The Regional Water Quality Control Board recently remanded the Ventura MS4 'municipal stormwater' permit in response to legal pressure from the building industry. At a recent conference, building industry representatives described some of their issues with the permit, but predicted that the permit will ultimately be re-instated. Presentations from the conference are here.
Last summer, the Regional Water Quality Control Board completed a multi-year process and passed a new 'Stormwater Permit' for Ventura County. After an 11 hour hearing, the regulators adopted a permit the reflected a 'deal' forged between the 'permitees' and the 'environmental interests'. In this case, the permitees are the County and City governments. The environmental interests were dominated by NRDC and Heal the Bay.
The deal? The permit would require strict runoff reductions on new and infill development (LID) in exchange for limited municipal responsibility (MAL). The building industry took exception and followed up on their threat to file legal action - this was based on 'due process' as well as substantive claims regarding the feasibility of the new requirements.
LID - 'low impact development' - something that should be required with new development, LID aims to capture and infiltrate rain water on site.
MAL - 'Municipal Action Level' - 'municipal action' would be required where monitoring shows runoff exceeds an established threshold deemed harmful to receiving waters.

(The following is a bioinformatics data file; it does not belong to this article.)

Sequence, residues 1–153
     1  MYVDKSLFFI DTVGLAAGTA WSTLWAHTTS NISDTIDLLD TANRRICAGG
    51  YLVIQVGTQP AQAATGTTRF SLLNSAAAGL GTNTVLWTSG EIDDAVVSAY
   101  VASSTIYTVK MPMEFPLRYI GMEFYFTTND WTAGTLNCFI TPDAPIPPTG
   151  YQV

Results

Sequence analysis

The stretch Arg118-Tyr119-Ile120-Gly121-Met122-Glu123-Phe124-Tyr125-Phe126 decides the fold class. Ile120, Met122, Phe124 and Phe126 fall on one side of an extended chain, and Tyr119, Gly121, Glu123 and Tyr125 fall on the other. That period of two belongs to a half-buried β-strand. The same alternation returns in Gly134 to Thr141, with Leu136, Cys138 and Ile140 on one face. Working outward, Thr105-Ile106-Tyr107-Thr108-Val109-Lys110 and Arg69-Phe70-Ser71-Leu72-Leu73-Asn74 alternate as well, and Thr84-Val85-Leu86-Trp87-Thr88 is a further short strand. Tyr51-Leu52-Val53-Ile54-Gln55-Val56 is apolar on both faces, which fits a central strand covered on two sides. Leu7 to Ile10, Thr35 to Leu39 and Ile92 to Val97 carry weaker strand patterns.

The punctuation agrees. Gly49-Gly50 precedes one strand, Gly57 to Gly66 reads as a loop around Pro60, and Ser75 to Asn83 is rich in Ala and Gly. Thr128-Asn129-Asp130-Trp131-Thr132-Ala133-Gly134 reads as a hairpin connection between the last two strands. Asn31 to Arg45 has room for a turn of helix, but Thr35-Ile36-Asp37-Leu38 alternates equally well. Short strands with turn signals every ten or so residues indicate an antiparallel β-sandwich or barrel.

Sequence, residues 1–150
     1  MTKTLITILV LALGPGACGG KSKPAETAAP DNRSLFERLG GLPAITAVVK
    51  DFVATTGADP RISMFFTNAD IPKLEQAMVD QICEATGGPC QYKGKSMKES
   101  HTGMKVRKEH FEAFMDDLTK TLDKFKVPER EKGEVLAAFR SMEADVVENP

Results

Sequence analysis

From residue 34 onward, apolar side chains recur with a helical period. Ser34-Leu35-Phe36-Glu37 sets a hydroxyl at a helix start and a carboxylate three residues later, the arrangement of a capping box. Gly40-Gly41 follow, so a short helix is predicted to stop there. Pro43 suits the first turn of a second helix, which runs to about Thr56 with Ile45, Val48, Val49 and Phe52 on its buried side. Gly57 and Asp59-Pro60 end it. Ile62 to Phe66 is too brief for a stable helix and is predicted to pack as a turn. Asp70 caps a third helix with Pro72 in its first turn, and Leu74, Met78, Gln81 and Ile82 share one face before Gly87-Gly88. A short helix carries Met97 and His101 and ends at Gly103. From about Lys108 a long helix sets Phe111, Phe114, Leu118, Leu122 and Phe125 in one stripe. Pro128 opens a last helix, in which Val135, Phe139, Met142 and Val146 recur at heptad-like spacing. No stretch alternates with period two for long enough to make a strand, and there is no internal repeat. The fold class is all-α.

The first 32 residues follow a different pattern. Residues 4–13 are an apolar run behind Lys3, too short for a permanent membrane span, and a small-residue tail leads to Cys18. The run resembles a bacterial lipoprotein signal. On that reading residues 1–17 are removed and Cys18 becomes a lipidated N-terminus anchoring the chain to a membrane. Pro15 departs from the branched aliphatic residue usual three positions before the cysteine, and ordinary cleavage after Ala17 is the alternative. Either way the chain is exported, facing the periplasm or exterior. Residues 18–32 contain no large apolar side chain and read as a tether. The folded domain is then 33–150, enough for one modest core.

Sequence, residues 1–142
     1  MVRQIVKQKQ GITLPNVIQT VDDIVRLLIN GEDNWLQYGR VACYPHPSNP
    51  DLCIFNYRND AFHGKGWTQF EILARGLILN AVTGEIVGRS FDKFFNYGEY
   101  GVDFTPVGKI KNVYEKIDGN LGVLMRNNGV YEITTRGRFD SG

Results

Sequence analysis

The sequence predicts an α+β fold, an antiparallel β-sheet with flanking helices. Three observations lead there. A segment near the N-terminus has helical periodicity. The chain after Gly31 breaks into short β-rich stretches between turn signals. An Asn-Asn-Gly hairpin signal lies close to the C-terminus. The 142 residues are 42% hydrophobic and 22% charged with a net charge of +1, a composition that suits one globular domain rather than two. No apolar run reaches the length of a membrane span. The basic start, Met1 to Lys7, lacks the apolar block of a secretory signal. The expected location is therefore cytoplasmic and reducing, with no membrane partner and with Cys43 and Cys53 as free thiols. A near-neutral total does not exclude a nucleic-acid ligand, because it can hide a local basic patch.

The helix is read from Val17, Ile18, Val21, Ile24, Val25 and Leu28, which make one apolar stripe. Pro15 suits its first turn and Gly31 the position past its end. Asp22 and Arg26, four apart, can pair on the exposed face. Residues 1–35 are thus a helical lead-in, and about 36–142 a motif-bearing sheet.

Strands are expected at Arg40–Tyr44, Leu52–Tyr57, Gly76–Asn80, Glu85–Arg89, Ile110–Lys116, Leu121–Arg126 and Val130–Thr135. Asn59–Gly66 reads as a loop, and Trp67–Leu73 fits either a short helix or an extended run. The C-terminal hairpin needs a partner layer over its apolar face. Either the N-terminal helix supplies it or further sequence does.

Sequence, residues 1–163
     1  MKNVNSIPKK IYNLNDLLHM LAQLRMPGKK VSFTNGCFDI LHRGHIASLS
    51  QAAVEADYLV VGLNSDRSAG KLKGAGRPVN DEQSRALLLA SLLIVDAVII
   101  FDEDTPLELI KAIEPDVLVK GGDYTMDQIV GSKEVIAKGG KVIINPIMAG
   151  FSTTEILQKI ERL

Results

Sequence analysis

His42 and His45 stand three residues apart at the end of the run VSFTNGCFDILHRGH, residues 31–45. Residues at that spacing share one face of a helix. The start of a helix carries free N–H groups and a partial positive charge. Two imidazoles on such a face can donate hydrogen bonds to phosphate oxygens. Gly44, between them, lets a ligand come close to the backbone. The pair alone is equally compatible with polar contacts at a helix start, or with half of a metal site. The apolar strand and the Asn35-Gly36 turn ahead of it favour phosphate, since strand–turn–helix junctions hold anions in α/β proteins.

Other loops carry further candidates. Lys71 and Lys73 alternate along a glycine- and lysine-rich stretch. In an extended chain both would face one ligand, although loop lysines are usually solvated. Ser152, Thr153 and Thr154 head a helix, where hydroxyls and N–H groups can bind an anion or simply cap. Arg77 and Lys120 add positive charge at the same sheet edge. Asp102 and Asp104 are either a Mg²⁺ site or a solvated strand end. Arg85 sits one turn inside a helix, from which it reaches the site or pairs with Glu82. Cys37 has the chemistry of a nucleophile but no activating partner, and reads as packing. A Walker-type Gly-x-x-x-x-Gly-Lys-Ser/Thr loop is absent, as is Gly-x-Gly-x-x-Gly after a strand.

The arguments for and against LID and MAL were discussed in depth over a three year period, with regulators hoping to develop a permit that would actually improve water quality at our creeks and beaches. At odds were the building industry, who would be responsible for LID, and the cities, who would be on the hook for MALs. Both claimed fiscal and technical issues with both of these regulations.
So now the 'deal' has backfired, and the permit will go back for review. New County guidelines are on hold, and question marks resurface for both sides...
Our position remains the same - municipalities need to begin planning for a modernized water management system, to include stormwater. "Green Infrastructure" can solve multiple problems with an integrated approach to urban planning. And redevelopment should be used to help implement the plan.
Our "Solving the Urban Runoff Problem" document outlines a vision for how this would be achieved in an already developed urban area.
Hopefully this recent action will provide an opportunity for these concepts to be incorporated into the permit to the acceptance of everyone involved. A common vision is needed to move beyond the current roadblocks.
Our new video provides a fresh perspective on the issues: Know Your H2O
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